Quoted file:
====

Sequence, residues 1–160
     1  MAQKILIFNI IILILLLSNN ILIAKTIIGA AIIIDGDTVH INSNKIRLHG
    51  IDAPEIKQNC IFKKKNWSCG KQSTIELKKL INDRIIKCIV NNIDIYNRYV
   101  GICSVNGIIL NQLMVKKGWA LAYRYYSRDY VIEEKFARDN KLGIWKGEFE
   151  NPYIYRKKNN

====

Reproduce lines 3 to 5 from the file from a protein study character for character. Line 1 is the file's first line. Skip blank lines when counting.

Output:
    51  IDAPEIKQNC IFKKKNWSCG KQSTIELKKL INDRIIKCIV NNIDIYNRYV
   101  GICSVNGIIL NQLMVKKGWA LAYRYYSRDY VIEEKFARDN KLGIWKGEFE
   151  NPYIYRKKNN